When you hear the words, “endangered species,” probably the first animal the comes to mind is a lion or perhaps an elephant, whose futures have been put at risk because of wildlife poaching. You may even think of an orangutan who are threatened with extinction by the destructive palm oil industry of Indonesia. The animal you may not think of is a pangolin, but they are the most trafficked mammal in the world.

There are eight types of pangolin, distributed throughout Africa, India, Southeast Asia and Indonesia. Two are critically endangered while the other six are at risk of suffering the same fate. The International Union for the Conservation of Nature (IUCN) estimates that the Sunda population has declined by more than 50 percent during the past fifteen years alone. Under some branches of Traditional Asian Medicine, the meat, blood, and scales of these tiny animals are believed to contain curative properties – a myth that has sadly caused their population to dwindle. But we can stop this.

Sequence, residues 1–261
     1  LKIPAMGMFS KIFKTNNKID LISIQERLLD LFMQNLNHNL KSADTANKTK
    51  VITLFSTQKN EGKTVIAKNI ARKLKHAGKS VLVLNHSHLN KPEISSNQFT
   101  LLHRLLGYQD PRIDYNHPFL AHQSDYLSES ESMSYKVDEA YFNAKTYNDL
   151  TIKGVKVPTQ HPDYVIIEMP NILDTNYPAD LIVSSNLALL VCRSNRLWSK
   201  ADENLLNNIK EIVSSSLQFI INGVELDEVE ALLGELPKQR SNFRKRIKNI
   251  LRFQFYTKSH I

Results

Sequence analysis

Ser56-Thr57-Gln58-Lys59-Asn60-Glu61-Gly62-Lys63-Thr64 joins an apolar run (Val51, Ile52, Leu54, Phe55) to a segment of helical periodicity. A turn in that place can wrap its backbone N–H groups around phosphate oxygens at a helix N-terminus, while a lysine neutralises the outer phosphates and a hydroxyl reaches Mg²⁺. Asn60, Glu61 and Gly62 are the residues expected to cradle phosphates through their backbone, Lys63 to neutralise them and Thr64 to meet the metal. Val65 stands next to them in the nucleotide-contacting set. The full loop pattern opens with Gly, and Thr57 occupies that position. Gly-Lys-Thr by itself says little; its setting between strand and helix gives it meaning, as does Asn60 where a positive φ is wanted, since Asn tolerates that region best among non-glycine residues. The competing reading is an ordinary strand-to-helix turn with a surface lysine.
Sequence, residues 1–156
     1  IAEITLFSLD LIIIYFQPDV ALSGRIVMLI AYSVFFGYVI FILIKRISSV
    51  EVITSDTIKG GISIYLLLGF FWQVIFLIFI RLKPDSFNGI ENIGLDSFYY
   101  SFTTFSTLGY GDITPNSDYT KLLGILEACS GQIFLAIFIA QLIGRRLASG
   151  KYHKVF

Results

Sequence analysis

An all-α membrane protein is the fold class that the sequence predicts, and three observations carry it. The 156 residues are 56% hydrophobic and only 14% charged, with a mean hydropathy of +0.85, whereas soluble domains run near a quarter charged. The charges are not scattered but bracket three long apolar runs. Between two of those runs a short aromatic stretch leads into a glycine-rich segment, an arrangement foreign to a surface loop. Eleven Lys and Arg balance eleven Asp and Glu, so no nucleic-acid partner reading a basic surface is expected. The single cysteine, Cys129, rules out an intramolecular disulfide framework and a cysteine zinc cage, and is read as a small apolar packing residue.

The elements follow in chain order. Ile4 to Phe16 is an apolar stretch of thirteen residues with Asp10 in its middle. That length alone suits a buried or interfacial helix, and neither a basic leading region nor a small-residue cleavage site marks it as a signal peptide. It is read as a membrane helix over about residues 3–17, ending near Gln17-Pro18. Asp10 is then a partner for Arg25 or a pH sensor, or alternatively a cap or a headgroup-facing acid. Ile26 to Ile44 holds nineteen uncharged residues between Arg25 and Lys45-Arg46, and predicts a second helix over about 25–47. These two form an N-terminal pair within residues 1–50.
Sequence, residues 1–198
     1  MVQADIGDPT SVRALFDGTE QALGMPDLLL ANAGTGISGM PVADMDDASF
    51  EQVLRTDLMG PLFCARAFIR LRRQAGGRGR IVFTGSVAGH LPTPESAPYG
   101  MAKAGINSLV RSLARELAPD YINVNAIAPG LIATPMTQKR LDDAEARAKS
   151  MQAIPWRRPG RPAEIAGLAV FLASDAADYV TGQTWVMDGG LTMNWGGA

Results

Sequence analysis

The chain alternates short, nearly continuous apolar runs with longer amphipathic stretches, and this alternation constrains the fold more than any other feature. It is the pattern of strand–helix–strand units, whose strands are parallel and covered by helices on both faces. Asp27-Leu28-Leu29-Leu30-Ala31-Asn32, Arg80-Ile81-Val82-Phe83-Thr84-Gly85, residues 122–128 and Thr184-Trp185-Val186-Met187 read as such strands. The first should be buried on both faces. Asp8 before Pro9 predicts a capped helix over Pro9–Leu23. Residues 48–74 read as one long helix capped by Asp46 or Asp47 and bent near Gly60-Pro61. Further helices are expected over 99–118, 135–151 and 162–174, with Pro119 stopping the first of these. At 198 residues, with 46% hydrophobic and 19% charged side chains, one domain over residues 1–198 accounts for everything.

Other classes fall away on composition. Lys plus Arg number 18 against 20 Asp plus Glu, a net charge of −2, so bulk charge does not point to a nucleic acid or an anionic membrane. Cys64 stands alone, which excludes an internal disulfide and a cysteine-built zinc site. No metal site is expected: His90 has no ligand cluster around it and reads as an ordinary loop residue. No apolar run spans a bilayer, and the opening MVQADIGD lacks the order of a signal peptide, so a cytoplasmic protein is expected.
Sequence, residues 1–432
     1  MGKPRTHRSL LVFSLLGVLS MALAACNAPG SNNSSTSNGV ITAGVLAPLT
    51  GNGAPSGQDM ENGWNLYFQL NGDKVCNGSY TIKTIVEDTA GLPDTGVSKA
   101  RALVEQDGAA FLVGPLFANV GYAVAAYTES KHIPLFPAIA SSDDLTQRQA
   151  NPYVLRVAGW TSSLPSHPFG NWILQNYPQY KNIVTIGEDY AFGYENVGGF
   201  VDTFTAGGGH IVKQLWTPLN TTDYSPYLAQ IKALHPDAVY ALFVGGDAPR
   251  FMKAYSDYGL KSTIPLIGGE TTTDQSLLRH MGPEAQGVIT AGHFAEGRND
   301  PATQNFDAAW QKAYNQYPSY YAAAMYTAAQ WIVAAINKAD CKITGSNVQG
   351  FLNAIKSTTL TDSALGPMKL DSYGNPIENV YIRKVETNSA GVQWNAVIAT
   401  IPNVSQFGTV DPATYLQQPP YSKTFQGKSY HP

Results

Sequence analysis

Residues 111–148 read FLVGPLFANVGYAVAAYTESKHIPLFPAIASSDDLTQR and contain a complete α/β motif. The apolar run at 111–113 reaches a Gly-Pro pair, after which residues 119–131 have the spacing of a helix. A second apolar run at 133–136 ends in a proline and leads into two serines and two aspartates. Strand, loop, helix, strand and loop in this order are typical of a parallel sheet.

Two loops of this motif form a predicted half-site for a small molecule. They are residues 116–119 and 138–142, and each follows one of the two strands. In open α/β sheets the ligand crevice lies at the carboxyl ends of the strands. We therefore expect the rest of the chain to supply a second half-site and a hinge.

According to a Care2 petition, since 1990 the Conservation Law of Indonesia provides protection for the nation’s endangered species, including the critically endangered rhinos and the Sunda pangolin. According to the law, endangered animal traffickers are supposed to face a punishment of up to five years in prison and a fine of thousands of dollars. Sadly, those that are caught face light sentences or don’t face any sentence at all.

Please sign this petition and urge Indonesian President Joko Widodo to protect critically endangered animals in Indonesia by implementing harsher punishments for animal traffickers. Without true punishment, pangolins will still be hunted, killed and shipped to China.

With the newly released study published in the peer-reviewed journal Proceedings of the National Academy of Sciences warning of a sixth extinction and calling the massive loss of wildlife a “biological annihilation,” it is imperative we enact stricter punishments for animal wildlife traffickers. Our voracious appetite for meat and dairy – together with our collective belief that we are the most superior species on this Earth and have the right to exploit its resources as we see fit, with no thought for the needs of future generations – are hindering our own survival, as well as the survival of countless other life forms on the planet. The role that we play in species extinction is ultimately leading us toward our own demise.

Lead image source: David Brossard/Flickr